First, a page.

Creating An Image Rollover Within CSS

CSS or Cascading Style Sheets are the life blood of modern web design. Within CSS, you can build almost any design element you need, from button rollovers to complex page transitions. Today, I will be showing you how to create a button rollover with one image instead of a set of images.

To begin, you need to have your base image. Your base image contains all the button states (Hover, Click, and Static). You can download the image I created here or make your own. The image I created is 100 pixels wide and 150 pixel high. Now that you have your image, you still need to tell your site what to do with it.

The first step is to build your menu which will house the our navigation buttons:

This section contains the button image and navigation layout:

#menu { width: 100px; height: 50px; position: relative; z-index: 9998; background-image: url(‘images/NavBar.jpg’); background-repeat: no-repeat; }
#menu #menunav { margin: 0; padding: 0; }
#menu #menunav li { display: inline; }
#menu #menunav li a { float: left; height: 50; overflow: hidden; }
#menu #menunav li a,
#menu #globalsearch { background-image: url(‘images/NavBar.jpg’);}

This section tells the CSS what part of the image we want to use as the static image. Notice the back ground position is set to 0px by 0px this let’s the site know that the image does not need to be altered in any way:

#menu #menunav li#home a {width:100px; height: 50px; background-position: 0px 0px;}

Now that we have our Static image position se,t we need to make our rollover or hover state. This time, it is not necessary to supply a height and width since the CSS will use the default from the static state. To show the rollover state, we need to change the position from 0px by 0px to 0px by -50px. Changing the last position to -50px tells the CSS that when the button is scrolled over or hovered on that the image should display starting at 50 pixels below the top of the image as a whole:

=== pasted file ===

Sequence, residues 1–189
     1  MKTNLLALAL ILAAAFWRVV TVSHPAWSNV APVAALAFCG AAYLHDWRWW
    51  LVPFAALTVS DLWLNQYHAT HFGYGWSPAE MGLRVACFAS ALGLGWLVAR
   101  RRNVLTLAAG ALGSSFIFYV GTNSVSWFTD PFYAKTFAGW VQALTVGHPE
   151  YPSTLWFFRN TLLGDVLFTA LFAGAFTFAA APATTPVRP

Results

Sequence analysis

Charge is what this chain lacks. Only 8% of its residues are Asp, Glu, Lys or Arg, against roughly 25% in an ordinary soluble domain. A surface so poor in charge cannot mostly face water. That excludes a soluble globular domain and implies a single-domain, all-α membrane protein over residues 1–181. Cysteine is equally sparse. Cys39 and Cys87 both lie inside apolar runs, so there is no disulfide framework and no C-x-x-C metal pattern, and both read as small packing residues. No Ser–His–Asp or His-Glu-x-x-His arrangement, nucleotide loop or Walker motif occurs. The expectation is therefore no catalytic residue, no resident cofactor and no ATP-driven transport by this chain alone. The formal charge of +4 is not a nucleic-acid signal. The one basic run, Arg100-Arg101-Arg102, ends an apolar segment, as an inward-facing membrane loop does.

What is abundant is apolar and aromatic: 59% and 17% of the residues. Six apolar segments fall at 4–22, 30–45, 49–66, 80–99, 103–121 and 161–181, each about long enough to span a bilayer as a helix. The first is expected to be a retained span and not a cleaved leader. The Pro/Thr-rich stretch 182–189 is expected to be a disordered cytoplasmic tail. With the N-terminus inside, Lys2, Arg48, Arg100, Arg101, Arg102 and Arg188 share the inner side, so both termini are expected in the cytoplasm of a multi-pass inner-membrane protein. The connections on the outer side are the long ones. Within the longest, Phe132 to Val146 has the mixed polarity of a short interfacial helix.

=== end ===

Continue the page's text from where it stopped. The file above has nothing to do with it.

#menu #menunav li#home a:hover { background-position: 0px -50px; }

The last state of our button to create is our clicked or active state. The active state is where the user has clicked on the current button. You achieve this just like the rollover state before. This time, change the last position to 100 pixels so the image starts at the beginning of the last section of the image:

#menu #menunav li#home a:active { background-position: 0px -100px; }

Now that we have our CSS created and Image made let’s build the actual HTML coding to make the button work. You build the code like below:

<div id="menu">
<ul id="menunav">
<li id="home"><a href="http://www.codeflu.com"></a></li>
</ul>
</div>

Finally let’s see the code in action:

#menu { width: 150px; height: 50px; position: relative; z-index: 9998; background-image: url(‘http://www.codeflu.com/wp-content/uploads/2009/NavBar.jpg’); background-repeat: no-repeat; }
#menu #menunav { margin: 0; padding: 0; }
#menu #menunav li { display: inline; }
#menu #menunav li a { float: left; height: 50; overflow: hidden; background-image: url(‘http://www.codeflu.com/wp-content/uploads/2009/NavBar.jpg’); }
#menu #menunav li#home a {width:150px; height: 50px; background-position: 0px 0px;}
#menu #menunav li#home a:hover { background-position: 0px -50px; }
#menu #menunav li#home a:active { background-position: 0px -100px; }

There you have it. This is a very simple way to use CSS to save on overall site loading time and create high impact of a more dynamic and interactive website.

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